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NY Theater Reviews

Ph: Carol Rosegg

DEALT A BAD HAND

By BRIAN SCOTT LIPTON

Rita Rudner's talents are done a disservice by the show’s ramshackle construction.

Crowds with an affinity for the brilliant comedienne Rita Rudner are the most likely to savor Two’s a Crowd, the daffy new concoction created by Rudner and her husband, Hollywood director Martin Bergman, now at 59E59 Theaters. However, most audiences will still laugh a bit at the proceedings – perhaps even more than they want to – but be ultimately frustrated by the show’s ramshackle construction.

Indeed, the crowd isn’t even on stage (there are only four admittedly talented actors in the cast), but in the heads of Rudner, Bergman and composer-lyricist Jason Feddy, who can’t make up their minds what show they want to write. Basically, it’s a live-action sitcom about Wendy (Rudner), an uptight, 60-something wedding planner who escapes to Las Vegas to decide whether to forgive her cheating husband and who is forced (rather unbelievably) to share her room with gruff widower Tom (a strong-voiced Robert Yacko, trying to make the most of a two-dimensional character).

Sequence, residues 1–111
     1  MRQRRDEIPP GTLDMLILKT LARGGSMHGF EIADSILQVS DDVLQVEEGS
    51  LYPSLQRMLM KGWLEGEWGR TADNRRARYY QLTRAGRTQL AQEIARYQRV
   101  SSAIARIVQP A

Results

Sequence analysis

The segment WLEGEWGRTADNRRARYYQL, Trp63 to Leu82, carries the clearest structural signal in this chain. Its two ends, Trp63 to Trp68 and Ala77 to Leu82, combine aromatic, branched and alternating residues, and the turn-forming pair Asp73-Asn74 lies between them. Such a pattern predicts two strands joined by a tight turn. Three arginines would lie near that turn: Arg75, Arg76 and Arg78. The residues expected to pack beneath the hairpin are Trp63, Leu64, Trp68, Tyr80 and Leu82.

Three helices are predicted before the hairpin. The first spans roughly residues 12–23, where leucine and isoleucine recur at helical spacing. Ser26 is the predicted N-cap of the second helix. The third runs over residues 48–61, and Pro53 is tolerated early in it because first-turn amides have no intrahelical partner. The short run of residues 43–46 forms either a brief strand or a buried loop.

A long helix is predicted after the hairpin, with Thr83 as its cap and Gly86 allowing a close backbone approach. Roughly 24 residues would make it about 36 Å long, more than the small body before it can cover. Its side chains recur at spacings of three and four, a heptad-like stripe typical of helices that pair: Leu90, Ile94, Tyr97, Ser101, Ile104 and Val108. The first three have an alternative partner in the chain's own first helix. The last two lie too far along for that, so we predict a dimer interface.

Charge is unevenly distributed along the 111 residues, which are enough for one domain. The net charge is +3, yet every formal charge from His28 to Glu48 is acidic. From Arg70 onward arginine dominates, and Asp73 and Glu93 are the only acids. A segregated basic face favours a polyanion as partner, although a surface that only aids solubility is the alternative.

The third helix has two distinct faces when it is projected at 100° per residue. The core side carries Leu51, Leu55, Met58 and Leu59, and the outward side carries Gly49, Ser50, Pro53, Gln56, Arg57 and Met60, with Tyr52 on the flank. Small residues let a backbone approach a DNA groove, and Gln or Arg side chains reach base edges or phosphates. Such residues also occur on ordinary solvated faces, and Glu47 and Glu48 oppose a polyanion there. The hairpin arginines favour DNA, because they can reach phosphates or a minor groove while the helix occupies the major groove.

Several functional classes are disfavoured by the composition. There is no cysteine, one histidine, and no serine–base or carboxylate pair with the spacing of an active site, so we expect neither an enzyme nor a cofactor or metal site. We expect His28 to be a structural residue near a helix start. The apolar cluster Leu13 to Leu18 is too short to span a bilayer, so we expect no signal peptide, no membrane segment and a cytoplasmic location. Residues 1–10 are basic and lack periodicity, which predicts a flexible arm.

One wishes the creators had stuck simply to that format, as the pair’s interplay can be sometimes quite touching and often very funny (especially when Rudner is putting down what she perceives as Tom’s classlessness). And even when Rudner is delivering lines (to Tom or, oddly enough, the audience) that seem to come straight from one of her stand-up routines, her skill with this kind of observational humor is hard to resist.

But then there are the songs. It’s not that Feddy (who also delivers a few from the sidelines as sort of a commentary) is untalented; they have a decent country-music feel and the lyrics are satisfactory. But Bergman stages them without any finesse. Having the pair sit on the bed and wax philosophical about their life journey is slightly strange. Having Rudner dance and prance about the room like a former chorus girl (despite still being quite limber) is really awkward. And the decision to give character songs to such minor players as hotel executive Louise and chambermaid Lulu (both portrayed smartly by Kelly Holden Bashar) and Wendy’s estranged husband Gus (Brian Lohmann, who practically steals one scene in a different role) is simply misguided.

In the end, Two’s a Crowd (which takes place at a poker tournament) deals its headliner a sub-par hand, when this one-of-a-kind performer deserves something that could deliver a full house night after night.